Amatheia (mythology)

Summary

In Greek mythology, Amatheia (Ancient Greek: Ἀμάθεια means 'rears, nurses' or 'she is sparkling water'[1]) was the "fair-tressed" Nereid[2] and was described to have "azure locks luxuriant" or as some translations put it "long, heavy hair".[1] As one of these 50 sea-nymphs, she was the daughter of the 'Old Man of the Sea' Nereus and the Oceanid Doris.[1] Variations of her names were Æmathia,[3] Amathea[4] and Amathia[5] which means "queen of voice".[1]

Mythology

Amatheia and her other sisters appeared to Thetis when she cries out in sympathy for the grief of Achilles for his slain friend Patroclus.[6]

Notes

  1. ^ a b c d Bane, Theresa (2013). Encyclopedia of Fairies in World Folklore and Mythology. McFarland, Incorporated, Publishers. p. 26. ISBN 9780786471119.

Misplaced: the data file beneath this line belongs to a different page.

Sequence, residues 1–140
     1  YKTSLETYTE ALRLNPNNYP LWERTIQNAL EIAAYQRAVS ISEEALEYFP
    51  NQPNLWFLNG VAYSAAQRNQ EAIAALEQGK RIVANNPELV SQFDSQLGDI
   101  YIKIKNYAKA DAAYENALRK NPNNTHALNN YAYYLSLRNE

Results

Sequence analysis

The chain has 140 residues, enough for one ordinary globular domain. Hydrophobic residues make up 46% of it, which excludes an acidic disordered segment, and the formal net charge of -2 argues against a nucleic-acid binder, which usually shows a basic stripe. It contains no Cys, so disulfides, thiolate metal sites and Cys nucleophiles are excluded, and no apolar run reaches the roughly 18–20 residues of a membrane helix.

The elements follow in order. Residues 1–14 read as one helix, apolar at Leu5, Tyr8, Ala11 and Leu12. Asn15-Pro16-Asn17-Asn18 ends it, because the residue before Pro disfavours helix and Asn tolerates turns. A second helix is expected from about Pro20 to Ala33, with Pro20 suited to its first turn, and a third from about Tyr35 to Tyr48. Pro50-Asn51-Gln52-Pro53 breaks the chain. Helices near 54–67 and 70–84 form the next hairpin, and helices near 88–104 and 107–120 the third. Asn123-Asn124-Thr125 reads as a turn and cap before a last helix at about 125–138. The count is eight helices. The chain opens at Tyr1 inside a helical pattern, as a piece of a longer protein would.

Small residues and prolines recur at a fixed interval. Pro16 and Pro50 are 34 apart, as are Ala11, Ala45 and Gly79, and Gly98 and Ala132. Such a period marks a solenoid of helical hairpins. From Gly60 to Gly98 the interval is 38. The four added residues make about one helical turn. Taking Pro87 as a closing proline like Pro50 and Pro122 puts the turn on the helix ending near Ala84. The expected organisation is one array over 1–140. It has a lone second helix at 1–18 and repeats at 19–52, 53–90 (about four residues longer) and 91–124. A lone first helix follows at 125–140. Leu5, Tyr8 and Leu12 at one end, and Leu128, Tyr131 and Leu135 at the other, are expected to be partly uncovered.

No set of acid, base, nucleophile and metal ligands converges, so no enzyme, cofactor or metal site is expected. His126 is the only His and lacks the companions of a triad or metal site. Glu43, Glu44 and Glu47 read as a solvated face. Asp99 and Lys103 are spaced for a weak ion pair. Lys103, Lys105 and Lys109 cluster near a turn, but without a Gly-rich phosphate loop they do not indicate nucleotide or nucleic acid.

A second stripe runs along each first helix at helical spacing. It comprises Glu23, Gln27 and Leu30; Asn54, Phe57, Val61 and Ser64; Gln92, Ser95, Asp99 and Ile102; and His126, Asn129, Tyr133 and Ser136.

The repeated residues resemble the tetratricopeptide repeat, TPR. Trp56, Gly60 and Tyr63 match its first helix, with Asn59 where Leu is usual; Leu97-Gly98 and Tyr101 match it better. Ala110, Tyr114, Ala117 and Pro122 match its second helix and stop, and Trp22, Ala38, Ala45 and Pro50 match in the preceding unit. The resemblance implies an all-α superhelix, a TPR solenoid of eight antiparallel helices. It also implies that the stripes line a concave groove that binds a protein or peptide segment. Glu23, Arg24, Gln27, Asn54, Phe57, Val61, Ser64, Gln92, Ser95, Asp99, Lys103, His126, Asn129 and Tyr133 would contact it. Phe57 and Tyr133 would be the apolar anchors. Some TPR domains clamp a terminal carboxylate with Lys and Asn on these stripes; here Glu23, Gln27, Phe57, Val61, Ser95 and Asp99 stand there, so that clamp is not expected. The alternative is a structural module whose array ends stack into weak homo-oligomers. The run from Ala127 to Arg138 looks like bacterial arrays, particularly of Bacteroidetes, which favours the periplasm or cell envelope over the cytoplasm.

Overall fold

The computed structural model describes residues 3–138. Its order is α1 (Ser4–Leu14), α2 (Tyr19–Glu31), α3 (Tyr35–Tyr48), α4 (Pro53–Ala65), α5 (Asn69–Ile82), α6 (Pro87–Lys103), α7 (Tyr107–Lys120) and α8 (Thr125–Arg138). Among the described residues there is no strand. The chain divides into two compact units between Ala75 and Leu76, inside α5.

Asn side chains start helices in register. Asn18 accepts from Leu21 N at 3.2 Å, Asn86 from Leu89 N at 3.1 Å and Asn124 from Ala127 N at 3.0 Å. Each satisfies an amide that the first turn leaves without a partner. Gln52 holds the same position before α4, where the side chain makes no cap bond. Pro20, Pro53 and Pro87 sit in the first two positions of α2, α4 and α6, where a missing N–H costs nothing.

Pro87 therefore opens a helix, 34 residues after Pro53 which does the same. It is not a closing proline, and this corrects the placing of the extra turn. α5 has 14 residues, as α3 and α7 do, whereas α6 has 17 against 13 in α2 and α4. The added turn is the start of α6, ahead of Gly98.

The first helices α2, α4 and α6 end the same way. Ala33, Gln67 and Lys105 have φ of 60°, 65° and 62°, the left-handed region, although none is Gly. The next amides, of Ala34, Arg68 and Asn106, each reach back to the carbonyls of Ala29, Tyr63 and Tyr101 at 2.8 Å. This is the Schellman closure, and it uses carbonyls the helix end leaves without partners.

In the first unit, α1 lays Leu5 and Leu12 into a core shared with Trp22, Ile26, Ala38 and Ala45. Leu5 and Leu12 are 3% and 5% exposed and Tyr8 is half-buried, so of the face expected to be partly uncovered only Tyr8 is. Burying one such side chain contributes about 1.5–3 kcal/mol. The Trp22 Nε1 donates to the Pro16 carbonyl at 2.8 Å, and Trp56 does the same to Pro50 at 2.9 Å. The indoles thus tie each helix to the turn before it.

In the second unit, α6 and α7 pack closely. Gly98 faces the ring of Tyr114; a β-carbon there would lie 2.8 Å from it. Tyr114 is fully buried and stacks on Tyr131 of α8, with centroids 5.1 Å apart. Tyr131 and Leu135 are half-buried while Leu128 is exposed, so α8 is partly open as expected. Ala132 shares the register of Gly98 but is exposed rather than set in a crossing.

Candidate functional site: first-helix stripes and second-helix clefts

2. ^ Homer, Iliad 18.48
  3. ^ Hyginus, Fabulae Preface (Latin ed. Micyllus; Scheffero)
  4. ^ Hyginus, Fabulae Preface (Latin ed. Munckerus)
  5. ^ Hyginus, Fabulae Preface (Latin ed. Bunte)
  6. ^ Homer, Iliad 18.39-51

References

  • Gaius Julius Hyginus, Fabulae from The Myths of Hyginus translated and edited by Mary Grant. University of Kansas Publications in Humanistic Studies. Online version at the Topos Text Project.
  • Homer, The Iliad with an English Translation by A.T. Murray, Ph.D. in two volumes. Cambridge, MA., Harvard University Press; London, William Heinemann, Ltd. 1924. ISBN 978-0674995796. Online version at the Perseus Digital Library.
  • Homer, Homeri Opera in five volumes. Oxford, Oxford University Press. 1920. ISBN 978-0198145318. Greek text available at the Perseus Digital Library.